March 04, 2021
Steven D. Greydanus
Raya is a mythic tale about an intrepid young princess leaving her homeland on a quest to save her world from an intangible menace ... but does it deliver?
March 01, 2021
Laura Freeman
The National Gallery’s sublime Albrecht Dürer exhibition gives Laura Freeman wanderlust
January 20, 2021
William Cash
With a star-studded new HBO/BBC adaptation of Brideshead Revisited now being cast, William Cash reveals why Evelyn Waugh’s portrayal of a decadent upper-class Catholic family was banned in 1947 by the Hollywood censors
January 18, 2021
Melanie McDonagh
Honest depictions of misdeeds and their repercussions happen so rarely, but the National Gallery got it right, says Melanie McDonagh
January 05, 2021
Paul Fahey
Beth Harmon is profoundly wounded from being rejected by her parents and by others who should have loved and accepted her. The orphaned chess prodigy who is the subject of Netflix’s new original series, The Queen’s Gambit, turns to drugs and alcohol not only to cope, but to play chess and win.
December 27, 2020
Simon Caldwell
"[O]ne of the things I enjoy most in what I do is learning and analysing older traditions and expressing them again." - Daniel Mitsui, artist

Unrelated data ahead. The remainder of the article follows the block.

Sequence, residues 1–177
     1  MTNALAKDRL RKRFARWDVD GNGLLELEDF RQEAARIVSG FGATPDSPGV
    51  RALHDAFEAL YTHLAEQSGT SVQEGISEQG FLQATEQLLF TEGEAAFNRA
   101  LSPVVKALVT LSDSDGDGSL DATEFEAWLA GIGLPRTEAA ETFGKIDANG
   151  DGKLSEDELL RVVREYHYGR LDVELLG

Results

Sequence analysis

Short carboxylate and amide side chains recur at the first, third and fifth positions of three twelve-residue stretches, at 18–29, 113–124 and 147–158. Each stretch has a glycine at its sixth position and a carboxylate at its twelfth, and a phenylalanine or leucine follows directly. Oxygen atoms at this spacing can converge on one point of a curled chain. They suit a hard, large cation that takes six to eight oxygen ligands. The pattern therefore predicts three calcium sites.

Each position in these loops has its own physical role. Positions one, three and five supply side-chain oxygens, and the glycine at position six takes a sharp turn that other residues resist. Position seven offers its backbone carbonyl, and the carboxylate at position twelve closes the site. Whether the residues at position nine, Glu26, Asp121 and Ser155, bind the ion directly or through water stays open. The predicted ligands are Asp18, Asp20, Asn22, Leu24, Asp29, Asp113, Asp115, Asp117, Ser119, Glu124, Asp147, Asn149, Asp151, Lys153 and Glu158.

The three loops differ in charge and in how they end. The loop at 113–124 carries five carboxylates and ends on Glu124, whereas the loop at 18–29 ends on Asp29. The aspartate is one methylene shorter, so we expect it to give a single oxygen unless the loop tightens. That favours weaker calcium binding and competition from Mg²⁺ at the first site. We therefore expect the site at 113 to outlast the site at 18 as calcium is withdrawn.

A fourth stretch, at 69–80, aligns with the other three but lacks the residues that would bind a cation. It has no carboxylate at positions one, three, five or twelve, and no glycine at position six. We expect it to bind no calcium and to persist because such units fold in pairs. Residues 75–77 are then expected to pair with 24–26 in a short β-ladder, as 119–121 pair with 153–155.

December 24, 2020
The Catholic Herald
Chapter House columnists and contributors to this page share their favorite Christmas story, book, movie, or music.
December 08, 2020
David Kilby
The film shares the life of Father Peyton through archival footage and contemporary interviews.
December 07, 2020
Michael Duggan
Seamus Heaney drifted from the Church, but his poetry offers a link to the past
November 15, 2020
Tristram Hunt
The culture of patronage in the arts has been fundamental to the Church
November 07, 2020
Jacob Phillips
The supposedly ‘boring and suburban’ style reflects English self-confidence and a spirit of moderation, argues Jacob Phillips
October 12, 2020
Thomas Hibbs
David Fincher’s The Social Network, starring Jesse Eisenberg, Justin Timberlake and Andrew Garfield, turns 10 this autumn. In its focus on the origins of Facebook it seems rather quaint and dated; yet, in its depiction of the new meritocracy and the peculiar character formation of the techie world, it is perhaps more relevant today than